South African fiber artist turns ideas into reality
An idea for a new and original quilt design often lurks in our mind’s eye, but for the want of a sure-fire means to bring that fledgling image into the touchable reality of cloth and thread, we are stymied.
I have the genesis of at least three such conceptions in mind, tied to a specific perspective of a British cobblestone streetscape, a humorous play on words and one of M.C. Escher’s impossible constructions.
One day I hope to discover the methods I need to execute these ideas that now seem out of my reach.
Perhaps others feel the same. That’s where international fiber artist Rosalie Dace of Durban, South Africa, may be of help. Traveling from her beachfront city of 3.4 million people, Dace will be teaching and lecturing this month in Grand Junction.
At 7 p.m. June 13, she will speak on “Getting There from Here.” Her two-part lecture, open to the public, will answer the question: Where do we get our ideas and inspiration and how do we go about putting ideas and inspiration into the actual making of an art quilt? Her talk is planned at Clarion Inn, 755 Horizon Drive, and she will be bringing quilts to show.
Her appearance is sponsored by the Art Quilt Association (AQuA), based in Grand Junction. Cost of the lecture, which includes a short break, is free to members, $5 for non-members.
Dace describes herself as a full-time contemporary quilt maker, who is passionate about design, color, pattern and texture. With an education in art and English, she enjoys teaching.
Living in South Africa, Dace says, gives her an exciting and colorful view of the world. Though she values the traditions from which quilt making has come, she thinks that a quilt “should say something about its time and place in history.”
Dace’s public lecture is a sidelight of an intensive four-day class she is teaching for AQuA members on June 12–15, also at the Clarion Inn.
Titled “Kandinsky Quilts,” it is based on the art of Wassily Kandinsky (1866–1944), a Russian painter and art theorist credited with painting the first purely abstract work.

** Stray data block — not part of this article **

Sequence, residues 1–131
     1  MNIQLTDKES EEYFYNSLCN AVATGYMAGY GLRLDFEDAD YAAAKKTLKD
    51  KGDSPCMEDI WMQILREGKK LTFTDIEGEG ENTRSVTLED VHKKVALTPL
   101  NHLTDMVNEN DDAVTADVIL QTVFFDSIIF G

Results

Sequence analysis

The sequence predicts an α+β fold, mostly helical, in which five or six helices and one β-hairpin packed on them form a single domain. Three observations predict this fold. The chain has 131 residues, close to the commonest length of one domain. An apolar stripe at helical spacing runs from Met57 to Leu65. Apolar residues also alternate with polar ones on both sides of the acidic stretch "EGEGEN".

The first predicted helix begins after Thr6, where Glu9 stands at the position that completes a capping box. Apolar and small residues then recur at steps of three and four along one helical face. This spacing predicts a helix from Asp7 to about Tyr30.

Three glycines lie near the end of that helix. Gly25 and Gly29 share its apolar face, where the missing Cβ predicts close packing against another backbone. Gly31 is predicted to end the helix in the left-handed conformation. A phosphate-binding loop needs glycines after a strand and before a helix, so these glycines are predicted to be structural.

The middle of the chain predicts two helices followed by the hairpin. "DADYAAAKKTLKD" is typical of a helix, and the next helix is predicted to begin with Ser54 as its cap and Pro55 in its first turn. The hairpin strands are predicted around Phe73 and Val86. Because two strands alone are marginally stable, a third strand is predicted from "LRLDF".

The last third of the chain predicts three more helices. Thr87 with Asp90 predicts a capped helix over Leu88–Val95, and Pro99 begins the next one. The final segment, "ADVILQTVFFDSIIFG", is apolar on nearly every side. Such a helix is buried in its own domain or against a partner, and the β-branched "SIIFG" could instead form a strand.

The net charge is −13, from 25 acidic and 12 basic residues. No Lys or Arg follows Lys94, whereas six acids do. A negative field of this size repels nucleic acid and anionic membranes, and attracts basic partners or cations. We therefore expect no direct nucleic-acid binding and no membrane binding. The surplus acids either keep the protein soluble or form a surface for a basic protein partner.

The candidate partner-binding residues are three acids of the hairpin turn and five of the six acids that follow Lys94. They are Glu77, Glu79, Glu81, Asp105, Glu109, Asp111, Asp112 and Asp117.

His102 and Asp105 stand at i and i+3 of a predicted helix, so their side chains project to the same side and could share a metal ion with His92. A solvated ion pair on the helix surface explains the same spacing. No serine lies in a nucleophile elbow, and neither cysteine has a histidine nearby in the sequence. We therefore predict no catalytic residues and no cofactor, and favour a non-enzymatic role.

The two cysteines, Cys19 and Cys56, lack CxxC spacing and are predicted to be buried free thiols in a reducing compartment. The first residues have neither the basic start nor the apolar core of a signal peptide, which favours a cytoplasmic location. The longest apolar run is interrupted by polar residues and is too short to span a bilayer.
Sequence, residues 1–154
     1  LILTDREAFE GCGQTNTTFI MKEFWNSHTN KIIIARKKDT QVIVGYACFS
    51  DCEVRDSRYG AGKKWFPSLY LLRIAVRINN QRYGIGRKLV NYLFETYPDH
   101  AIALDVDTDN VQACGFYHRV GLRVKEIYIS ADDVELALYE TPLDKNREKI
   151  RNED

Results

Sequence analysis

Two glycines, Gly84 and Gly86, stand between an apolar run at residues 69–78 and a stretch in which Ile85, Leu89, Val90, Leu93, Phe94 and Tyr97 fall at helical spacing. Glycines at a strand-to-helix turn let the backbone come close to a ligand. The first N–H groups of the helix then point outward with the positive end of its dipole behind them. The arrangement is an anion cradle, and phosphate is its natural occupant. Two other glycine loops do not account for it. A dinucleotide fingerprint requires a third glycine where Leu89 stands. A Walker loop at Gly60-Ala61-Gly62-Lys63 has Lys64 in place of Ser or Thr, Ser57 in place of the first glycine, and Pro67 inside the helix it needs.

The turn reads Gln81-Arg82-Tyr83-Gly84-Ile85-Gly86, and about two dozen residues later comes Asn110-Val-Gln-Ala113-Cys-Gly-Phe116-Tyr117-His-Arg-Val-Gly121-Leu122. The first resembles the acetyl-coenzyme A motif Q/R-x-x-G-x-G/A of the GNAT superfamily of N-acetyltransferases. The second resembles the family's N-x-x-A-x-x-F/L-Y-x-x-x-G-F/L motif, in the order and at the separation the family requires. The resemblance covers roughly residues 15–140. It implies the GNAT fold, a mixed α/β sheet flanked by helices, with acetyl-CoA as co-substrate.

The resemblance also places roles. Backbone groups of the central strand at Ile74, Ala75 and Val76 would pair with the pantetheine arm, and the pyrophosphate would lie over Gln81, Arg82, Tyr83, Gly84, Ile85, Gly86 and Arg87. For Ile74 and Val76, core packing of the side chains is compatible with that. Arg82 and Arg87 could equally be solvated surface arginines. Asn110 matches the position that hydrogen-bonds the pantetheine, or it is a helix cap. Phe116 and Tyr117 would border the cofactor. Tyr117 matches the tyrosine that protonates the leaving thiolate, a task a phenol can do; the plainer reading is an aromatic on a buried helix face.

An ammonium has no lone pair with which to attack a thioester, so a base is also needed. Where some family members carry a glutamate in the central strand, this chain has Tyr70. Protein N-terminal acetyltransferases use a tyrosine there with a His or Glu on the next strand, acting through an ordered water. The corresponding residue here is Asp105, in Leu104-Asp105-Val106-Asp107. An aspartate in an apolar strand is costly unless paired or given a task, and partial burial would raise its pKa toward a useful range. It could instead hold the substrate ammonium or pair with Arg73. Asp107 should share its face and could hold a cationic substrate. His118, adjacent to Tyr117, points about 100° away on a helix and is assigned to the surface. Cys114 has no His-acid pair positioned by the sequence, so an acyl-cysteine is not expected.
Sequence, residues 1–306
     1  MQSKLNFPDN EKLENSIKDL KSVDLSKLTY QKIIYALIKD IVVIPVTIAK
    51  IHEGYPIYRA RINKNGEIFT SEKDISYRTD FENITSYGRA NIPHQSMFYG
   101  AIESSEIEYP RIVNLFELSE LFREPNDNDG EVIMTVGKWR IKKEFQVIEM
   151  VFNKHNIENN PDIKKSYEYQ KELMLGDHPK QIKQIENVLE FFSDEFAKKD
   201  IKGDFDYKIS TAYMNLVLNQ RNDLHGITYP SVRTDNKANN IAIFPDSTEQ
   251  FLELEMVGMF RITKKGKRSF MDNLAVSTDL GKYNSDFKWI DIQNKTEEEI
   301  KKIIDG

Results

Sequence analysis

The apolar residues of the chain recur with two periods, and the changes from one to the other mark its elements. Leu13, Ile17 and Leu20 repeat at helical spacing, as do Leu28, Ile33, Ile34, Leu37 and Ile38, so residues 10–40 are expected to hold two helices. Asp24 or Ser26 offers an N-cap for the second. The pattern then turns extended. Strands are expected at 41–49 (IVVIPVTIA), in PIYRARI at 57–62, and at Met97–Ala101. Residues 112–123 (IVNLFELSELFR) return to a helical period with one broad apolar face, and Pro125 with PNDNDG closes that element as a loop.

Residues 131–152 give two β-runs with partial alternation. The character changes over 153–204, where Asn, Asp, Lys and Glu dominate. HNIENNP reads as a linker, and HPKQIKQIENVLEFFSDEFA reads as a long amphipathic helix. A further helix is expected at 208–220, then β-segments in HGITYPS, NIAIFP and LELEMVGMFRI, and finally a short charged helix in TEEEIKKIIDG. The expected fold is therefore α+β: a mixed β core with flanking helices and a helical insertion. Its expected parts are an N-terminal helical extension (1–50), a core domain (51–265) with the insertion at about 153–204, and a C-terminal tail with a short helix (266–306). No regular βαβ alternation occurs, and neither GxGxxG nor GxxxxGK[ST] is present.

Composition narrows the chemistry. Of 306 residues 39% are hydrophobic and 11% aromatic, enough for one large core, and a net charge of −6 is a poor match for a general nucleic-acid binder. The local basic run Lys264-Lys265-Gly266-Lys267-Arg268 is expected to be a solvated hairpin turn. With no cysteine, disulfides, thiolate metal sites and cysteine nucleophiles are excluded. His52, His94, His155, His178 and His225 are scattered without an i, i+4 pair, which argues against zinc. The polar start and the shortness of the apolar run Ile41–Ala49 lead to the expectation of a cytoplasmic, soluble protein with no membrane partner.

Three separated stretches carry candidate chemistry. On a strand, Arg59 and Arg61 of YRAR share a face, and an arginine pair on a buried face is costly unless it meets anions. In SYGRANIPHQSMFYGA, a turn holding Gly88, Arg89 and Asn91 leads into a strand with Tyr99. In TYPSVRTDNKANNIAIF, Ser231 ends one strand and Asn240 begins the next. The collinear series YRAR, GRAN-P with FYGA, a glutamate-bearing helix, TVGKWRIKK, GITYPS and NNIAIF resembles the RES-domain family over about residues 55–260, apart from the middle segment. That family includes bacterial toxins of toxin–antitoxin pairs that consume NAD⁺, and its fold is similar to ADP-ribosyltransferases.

“Quilters often think they have a problem with dealing with abstraction, and I thought this was a way of helping them understand the idea of abstraction,” Dace explains.
Kandinsky also used color symbolically and claimed to be synesthetic — being able to “see” color when listening to music or to “hear” music when he saw color.
Because color actually is the first thing we see in a quilt, “I thought this multi-sensory idea would be another way of experiencing it,” Dace says.
From a visual point of view, she wants her students also to explore how Kandinsky puts lines over some areas of color, giving the students an opportunity to stitch, quilt or couch lines over their basic blocks.
As an art educator, she usually doesn’t provide kits or patterns for her classes, rather encourages the intermediate or advanced student to develop knowledge of design elements and apply them with confidence.
“We will look at Kandinsky’s work (through slides) and find an area to use as a jumping-off point ... so that class participants ultimately make an original art piece, having had ‘help’ from a respected and celebrated artist,” she says.
This sounds like the perfect environment to have fun while learning and to go beyond where you once thought possible.
Attend her June 13 lecture to find out how to get there from here.
Email Sherida.Warner @GJSentinel.com.